Haycock: You are exactly right. Lists like those in the report at best identify one kind of leader, but they miss individuals who exert huge influence in their particular domains—a classroom, a school, a neighborhood. We need leadership of all sorts; the problems we face as a nation are too tough to be seen as just certain people’s responsibility. As we like to say at the Education Trust, “There is no small role in big change.”

Related Tags:

A version of this article appeared in the January 17, 2007 edition of Education Week as Chat Wrap-Up: Educational Policy Influence


This content is provided by our sponsor. It is not written by and does not necessarily reflect the views of Education Week's editorial staff.
School & District Management Webinar
Leadership in Education: Building Collaborative Teams and Driving Innovation
Learn strategies to build strong teams, foster innovation, & drive student success.
Content provided by Follett Learning
School & District Management K-12 Essentials Forum Principals, Lead Stronger in the New School Year
Join this free virtual event for a deep dive on the skills and motivation you need to put your best foot forward in the new year.
This content is provided by our sponsor. It is not written by and does not necessarily reflect the views of Education Week's editorial staff.
Privacy & Security Webinar
Navigating Modern Data Protection & Privacy in Education
Explore the modern landscape of data loss prevention in education and learn actionable strategies to protect sensitive data.
Content provided by  Symantec & Carahsoft

EdWeek Top School Jobs

Teacher Jobs
Search over ten thousand teaching jobs nationwide — elementary, middle, high school and more.
View Jobs
Principal Jobs
Find hundreds of jobs for principals, assistant principals, and other school leadership roles.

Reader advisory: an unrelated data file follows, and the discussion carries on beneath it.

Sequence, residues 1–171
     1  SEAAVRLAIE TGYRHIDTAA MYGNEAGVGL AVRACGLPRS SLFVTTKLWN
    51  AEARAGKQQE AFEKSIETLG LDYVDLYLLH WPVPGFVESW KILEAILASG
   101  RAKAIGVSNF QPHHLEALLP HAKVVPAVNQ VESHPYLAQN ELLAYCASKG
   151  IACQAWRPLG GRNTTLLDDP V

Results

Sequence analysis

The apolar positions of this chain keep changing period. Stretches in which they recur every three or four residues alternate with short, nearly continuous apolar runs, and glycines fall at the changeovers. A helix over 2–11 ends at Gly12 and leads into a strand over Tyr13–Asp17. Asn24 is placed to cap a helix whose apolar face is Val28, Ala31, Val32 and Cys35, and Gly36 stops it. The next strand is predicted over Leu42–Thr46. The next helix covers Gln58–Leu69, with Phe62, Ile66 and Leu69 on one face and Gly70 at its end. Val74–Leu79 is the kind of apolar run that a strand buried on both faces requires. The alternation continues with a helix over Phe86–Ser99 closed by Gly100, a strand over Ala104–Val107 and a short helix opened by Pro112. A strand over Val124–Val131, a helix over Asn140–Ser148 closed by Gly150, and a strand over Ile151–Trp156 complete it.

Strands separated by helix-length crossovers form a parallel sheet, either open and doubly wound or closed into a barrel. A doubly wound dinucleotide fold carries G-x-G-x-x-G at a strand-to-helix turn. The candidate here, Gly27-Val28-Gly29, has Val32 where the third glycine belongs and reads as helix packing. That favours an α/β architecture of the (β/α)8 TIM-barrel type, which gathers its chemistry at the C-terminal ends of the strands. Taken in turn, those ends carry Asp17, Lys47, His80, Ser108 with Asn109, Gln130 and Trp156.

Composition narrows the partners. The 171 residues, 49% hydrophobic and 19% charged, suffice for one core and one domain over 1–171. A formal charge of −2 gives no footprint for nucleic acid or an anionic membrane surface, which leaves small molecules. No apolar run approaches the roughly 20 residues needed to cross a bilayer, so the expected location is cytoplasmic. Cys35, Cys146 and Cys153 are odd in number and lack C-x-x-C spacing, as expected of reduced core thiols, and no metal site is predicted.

View Jobs
Administrator Jobs
Over a thousand district-level jobs: superintendents, directors, more.
View Jobs
Support Staff Jobs
Search thousands of jobs, from paraprofessionals to counselors and more.
View Jobs

Read Next

School & District Management Principals' Unions Are on the Rise. What Are Their Demands?
Across the country, principals are organizing for better working conditions.
8 min read
Illustration of hands shaking with smaller professional people standing on top, with hands in the air, celebrating.
School & District Management How Principals Are Outsourcing Their Busywork to AI
Principals are chipping away at their administrative to-do lists with a little help from AI.
6 min read
Education technology and AI Artificial Intelligence concept, Women use laptops, Learn lessons and online webinars successfully in modern digital learning,  Courses to develop new skills
School & District Management Opinion How to Let Your Values Guide You as a School Leader
Has your “why” become fuzzy? Here are four steps to keep principals motivated and moving forward.
Damia C. Thomas
4 min read
Silhouette of a figure inside of which is reflected public school life, Self-reflection of career in education
Vanessa Solis/Education Week via Canva
School & District Management ‘Be Vocal Without Being Vicious’: Superintendents on Fighting for More Funding
Two superintendents talk about stepping into the political realm to call for more public school funding.
5 min read
Photo of dollar bills frozen in ice.
iStock / Getty Images Plus